Published December 1, 1975 - More info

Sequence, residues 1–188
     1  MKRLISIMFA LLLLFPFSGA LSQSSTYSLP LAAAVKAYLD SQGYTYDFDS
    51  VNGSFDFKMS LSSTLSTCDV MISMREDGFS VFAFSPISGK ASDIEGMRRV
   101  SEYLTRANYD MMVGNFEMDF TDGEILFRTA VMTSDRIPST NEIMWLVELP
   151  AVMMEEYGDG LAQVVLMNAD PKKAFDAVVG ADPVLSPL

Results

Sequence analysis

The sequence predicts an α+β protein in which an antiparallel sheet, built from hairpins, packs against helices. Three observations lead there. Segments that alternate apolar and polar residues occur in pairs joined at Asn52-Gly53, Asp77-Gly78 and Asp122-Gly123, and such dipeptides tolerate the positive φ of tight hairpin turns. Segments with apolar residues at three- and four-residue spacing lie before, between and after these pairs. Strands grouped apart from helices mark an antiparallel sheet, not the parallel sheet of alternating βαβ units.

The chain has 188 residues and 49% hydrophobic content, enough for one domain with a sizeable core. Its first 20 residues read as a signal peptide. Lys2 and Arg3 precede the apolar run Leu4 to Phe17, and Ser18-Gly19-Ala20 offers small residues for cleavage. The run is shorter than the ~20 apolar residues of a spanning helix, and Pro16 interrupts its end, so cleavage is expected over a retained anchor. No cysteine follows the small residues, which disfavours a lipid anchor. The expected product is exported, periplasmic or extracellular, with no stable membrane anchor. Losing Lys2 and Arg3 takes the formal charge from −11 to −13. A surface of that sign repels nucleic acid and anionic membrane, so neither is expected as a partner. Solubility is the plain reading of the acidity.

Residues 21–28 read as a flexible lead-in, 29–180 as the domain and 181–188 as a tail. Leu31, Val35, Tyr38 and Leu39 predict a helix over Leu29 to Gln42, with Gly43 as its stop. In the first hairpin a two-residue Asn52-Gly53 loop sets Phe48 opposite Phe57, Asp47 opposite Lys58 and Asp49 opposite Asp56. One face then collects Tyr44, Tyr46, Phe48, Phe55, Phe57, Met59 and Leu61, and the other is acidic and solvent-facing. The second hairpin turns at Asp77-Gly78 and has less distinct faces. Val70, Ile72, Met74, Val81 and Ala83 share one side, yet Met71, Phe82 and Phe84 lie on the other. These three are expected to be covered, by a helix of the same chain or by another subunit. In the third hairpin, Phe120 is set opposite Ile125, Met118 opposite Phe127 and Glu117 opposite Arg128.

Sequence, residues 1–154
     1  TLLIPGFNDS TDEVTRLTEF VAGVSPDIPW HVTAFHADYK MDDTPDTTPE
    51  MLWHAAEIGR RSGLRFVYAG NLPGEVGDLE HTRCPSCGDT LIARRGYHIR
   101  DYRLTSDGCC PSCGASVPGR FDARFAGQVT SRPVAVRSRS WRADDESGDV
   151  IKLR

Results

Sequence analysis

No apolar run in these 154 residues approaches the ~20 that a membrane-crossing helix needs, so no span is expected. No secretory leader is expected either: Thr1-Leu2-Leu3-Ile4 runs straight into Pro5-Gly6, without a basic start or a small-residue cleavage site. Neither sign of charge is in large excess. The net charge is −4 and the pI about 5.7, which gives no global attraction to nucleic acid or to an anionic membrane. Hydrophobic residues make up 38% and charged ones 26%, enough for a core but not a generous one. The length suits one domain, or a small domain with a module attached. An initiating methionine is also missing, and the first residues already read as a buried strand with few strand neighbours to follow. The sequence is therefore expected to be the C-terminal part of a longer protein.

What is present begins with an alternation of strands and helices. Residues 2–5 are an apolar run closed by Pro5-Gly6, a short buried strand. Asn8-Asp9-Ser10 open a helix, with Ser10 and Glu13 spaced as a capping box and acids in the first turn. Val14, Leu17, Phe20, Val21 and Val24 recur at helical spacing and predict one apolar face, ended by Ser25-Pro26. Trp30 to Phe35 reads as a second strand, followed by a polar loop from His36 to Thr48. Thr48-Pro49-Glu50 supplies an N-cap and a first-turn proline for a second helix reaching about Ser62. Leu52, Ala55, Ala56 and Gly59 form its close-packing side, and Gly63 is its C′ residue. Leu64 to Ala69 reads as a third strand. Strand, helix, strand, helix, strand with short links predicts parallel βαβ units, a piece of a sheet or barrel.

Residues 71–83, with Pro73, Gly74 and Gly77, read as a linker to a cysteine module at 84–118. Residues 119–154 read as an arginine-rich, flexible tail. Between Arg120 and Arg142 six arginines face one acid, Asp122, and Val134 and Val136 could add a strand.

Antigen-ginding lymphocytes capable of binding native DNA (DNA-ABC) were identified in the peripheral blood of normal controls and patients with systemic lupus erythematosus (SLE) by autoradiography with 125I-nDNA. 12 patients with active SLE had 404 +/- 273 (mean +/- SD) DNA-ABC/105 lymphocytes, while 7 inactive SLE patients and 13 normals had 120 +/- 48 and 48 +/- 36, respectively. All three groups were significantly different from one another (p less than 0.01). No significant correlation was detected between the quantity of anti-native DNA (nDNA) antibody and number of DNA-ABC; however, most patients with large amounts of anti-nDNA antibody had both active disease and large numbers of DNA-ABC. Numbers of DNA-ABC and lymphocytes with surface immunoglobulin (Ig) did not change significantly after an 18-h incubation at 37degreeC. After depletion of B-lymphocytes by passage over bead columns coated with a complex of IgG and anti-IgG, the great majority of DNA-ABC were removed in both normal subjects and SLE patients. Labeling lymphocytes sequentially with 125I-nDNA, followed by an indirect fluorescence technique for identification of surface Ig, indicated that the great mahority of radiolabeled cells had surface Ig by fluorescence microscopy in four normals (average 93%) and five patients with active SLF (average 82%). The predominance of nDNA-sensitive B-lymphocytes in the peripheral blood of both normals and SLE patients is consistent with the concept that the induction of the anti-nDNA antibody response is due to the stimulation of preexisting nDNA-specific B lymphocytes by mechanisms other than those necessarily involving participation of nDNA-specific T lymphocytes.